Estonia, one of the Baltic countries which became independent of the Soviet Union along with Latvia and Lithuania in the early 1990s, is one of the IT-conscious countries with significant numbers of IT-related startups, including Skype. The Estonian government is doing its best to make a “digital country” by inviting IT engineers to some offshore development sites in Europe’s IT market.
The government issues Estonian citizens an ID card, just similar to a Social Security Card in the United States, which enables holders to offer one-stop services including taxation, online banking, issuing medical prescriptions, and more. In addition to offering an ID card for real residents, it started the e-Residency scheme, which is available for not only residents within Estonia but people who don’t really live in Estonia. In this scheme, an “e-Residency Card” is issued to the “e-Residents” of Estonia, and similar services to those for real residents are offered “electronically” with the card via their computers.
Application for an e-Residency Card is easy. First, you have to visit the application page of the e-Estonia website at https://apply.e-estonia.com/. And then you can apply for the card by filling in the necessary information in the form of the web page and paying €50.99 online by credit card. You can make the card to be sent to any Estonian Embassy outside Estonia so that you can pick it up at the nearest Embassy without flying to Estonia. About one month from the online application the card will be ready when you will receive notification by email.
I applied for my e-Residency Card this August and one month later an email from the First Secretary and Consul of the Embassy arrived at me saying that my card had arrived and I was requested to tell him when I was going to pick it up. I made an appointment with him and visited the Embassy, which looked like a cosy little house in the quiet residential area of Tokyo.
I pushed the bell on the entrance gate. The electric lock of the gate was unlocked and I heard a man’s voice through the intercom telling me to come in. When I came in, a gentleman stood in front of the door. He invited me to the house and told me to sign up in a notebook put on the desk at the entrance. I wrote down my name, the date, and the purpose of the visit to the notebook.
Then he invited me to a big table in a dining hall and told me to have a seat. He asked my name and then asked me to show him my passport as identification. I presented it to him. He checked carefully the passport’s photo page where my name was printed and brought it to a PC a bit afar from the table to input some data.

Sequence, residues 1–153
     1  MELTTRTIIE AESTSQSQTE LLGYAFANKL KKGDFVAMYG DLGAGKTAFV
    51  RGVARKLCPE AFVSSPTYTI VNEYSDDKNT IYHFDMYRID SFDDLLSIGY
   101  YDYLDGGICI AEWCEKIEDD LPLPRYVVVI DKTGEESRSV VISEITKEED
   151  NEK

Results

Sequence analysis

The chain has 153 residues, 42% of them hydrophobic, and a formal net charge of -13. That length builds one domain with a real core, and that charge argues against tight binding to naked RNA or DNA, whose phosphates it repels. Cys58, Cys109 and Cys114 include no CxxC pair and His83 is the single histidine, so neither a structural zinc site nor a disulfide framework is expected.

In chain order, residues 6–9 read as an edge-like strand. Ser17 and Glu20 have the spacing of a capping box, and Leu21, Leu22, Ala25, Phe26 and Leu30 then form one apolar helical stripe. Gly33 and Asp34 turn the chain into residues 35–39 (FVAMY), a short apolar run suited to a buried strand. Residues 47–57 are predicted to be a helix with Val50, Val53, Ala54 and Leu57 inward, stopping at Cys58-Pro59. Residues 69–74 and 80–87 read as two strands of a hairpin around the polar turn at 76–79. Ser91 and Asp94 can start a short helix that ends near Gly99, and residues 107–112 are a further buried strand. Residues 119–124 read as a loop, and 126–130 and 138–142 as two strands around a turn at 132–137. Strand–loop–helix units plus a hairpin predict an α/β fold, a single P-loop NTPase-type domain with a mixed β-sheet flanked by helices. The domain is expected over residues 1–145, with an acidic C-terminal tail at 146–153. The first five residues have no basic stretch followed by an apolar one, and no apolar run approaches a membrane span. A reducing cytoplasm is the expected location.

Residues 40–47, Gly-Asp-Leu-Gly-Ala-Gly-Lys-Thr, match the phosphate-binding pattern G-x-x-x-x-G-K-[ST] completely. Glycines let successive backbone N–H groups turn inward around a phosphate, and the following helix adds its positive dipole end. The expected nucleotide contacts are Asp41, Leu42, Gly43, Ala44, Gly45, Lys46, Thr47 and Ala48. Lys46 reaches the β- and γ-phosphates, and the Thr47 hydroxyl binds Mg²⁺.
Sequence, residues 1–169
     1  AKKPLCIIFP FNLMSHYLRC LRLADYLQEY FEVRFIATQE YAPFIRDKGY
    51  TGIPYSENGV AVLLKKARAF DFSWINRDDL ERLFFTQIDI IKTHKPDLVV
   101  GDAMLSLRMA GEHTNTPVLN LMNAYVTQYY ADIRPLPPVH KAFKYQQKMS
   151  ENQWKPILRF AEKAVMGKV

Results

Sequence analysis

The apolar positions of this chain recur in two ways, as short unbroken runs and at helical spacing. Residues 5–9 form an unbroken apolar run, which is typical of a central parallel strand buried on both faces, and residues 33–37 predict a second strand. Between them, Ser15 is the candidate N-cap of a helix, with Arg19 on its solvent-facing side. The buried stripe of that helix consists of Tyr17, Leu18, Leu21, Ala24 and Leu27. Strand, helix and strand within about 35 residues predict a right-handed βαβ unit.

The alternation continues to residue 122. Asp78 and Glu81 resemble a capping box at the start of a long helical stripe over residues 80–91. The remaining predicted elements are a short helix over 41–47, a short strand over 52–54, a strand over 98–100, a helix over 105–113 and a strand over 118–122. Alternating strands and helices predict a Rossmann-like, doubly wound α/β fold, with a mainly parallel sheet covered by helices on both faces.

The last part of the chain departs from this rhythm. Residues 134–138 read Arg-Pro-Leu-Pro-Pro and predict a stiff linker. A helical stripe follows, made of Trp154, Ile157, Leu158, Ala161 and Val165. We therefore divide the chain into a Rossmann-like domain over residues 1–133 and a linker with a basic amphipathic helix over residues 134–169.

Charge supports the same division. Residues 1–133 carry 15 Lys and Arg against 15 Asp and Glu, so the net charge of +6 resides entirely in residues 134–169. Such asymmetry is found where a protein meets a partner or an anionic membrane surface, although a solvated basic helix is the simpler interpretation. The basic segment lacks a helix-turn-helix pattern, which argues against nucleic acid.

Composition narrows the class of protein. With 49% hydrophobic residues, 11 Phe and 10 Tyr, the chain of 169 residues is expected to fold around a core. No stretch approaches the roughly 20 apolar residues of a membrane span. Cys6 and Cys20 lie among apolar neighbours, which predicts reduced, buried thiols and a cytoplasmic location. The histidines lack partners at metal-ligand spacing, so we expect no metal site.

Several minutes later he told me to come in front of the PC and let him take my fingerprints with a small fingerprint scanner connected to the PC. He told me at first to put my right hand’s first finger on the glass surface of the scanner, press it firmly and hold it. It was quite difficult to scan the finger neatly because scanning failed when I pressed the finger on the glass surface too strongly or too weakly. Every time it failed, he asked me to retry. Repeating five or six times, he told me that my fingerprint was successfully scanned. He told me to release the finger from the scanner and put my left hand’s index finger as well. We did the same thing several times as we did for my right hand.
He said that only my index fingers were scanned because I was Japanese, and all ten fingers would be scanned for Chinese and Philippino or like that.
After finishing the fingerprint scanning, we got back to the table and he presented the e-Residency card with a starter kit.
The starter kit contained an e-Residency Card along with a sheet where terms and conditions were written, envelope PIN codes were written inside, and a purple box a card reader was in. The terms and conditions sheet had signature lines in its lower part. When receiving the kit, I signed on one of the lines for the confirmation of receipt, and he countersigned on the other line. He cut off the lower part of the sheet including our signatures and took it. The envelope was where two different PINs and a PUK code (used for recovery if login is locked out because of typing wrong PINs three times) were written. He said that the PIN1 is a 4-digit number for identification, and the PIN2 is a 5-digit one for digital signature.
In the purple box was a card reader, used for reading my e-Residency card on a computer. It can be used by pulling out the USB connector and inserting the card into it so that the reading tip can cover the microchip of the card like this:
According to what he explained, it is available for both a PC and a Mac.
To be honest, I’m not sure what I can do with this e-Residency Card as I’m not planning to live or work in Estonia right now. All that I’m planning with this card is that, if possible, I’m going to open a bank account in Estonia to move some money I have in Japan to the Estonian bank so that I can assure some of my assets in a Eurozone country. He advised me that the banks of Estonia wouldn’t allow opening an account online and would require applicants to come in person to meet face to face to prevent from money laundering or funding terrorists and that they would also require applicant’s residential address within Estonia to open an account at that moment. He added that they were discussing how to improve the process to open bank accounts for e-Residents. I believe that, if it becomes possible for anybody, an e-Resident, or a real resident, to open an Estonian bank account, it would be a golden chance for Estonia to collect a huge amount of money from all over the world.
When leaving the Embassy he gave me a magazine and some booklets introducing Estonia. I want to visit Estonia someday and, if I can, open a bank account there.